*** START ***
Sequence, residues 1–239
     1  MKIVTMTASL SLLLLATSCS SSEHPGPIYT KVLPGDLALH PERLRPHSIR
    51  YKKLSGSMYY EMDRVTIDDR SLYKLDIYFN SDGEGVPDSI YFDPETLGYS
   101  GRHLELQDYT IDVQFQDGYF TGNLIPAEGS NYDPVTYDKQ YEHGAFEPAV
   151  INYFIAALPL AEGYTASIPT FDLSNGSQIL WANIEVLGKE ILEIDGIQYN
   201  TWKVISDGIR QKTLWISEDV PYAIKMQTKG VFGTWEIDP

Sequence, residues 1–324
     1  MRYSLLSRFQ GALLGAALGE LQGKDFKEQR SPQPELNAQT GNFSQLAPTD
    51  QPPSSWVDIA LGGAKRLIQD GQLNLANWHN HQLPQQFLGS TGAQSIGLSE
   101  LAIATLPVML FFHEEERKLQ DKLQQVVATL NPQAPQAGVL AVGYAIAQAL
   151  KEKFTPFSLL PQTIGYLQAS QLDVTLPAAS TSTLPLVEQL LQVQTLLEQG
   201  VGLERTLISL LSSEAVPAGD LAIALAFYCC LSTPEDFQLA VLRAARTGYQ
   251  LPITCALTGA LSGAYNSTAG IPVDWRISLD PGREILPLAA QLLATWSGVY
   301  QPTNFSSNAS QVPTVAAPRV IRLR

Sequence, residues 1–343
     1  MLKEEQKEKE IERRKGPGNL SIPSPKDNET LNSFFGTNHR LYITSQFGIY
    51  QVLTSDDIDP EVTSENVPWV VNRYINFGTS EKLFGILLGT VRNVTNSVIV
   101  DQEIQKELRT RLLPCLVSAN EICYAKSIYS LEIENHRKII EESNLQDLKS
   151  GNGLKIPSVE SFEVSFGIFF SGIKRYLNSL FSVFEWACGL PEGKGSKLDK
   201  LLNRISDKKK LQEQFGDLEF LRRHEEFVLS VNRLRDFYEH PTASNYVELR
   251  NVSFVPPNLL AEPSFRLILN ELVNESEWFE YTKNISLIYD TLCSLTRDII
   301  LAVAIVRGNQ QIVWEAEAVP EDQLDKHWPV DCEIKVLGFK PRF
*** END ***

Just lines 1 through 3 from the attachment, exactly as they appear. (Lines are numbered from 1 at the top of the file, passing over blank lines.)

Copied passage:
Sequence, residues 1–239
     1  MKIVTMTASL SLLLLATSCS SSEHPGPIYT KVLPGDLALH PERLRPHSIR
    51  YKKLSGSMYY EMDRVTIDDR SLYKLDIYFN SDGEGVPDSI YFDPETLGYS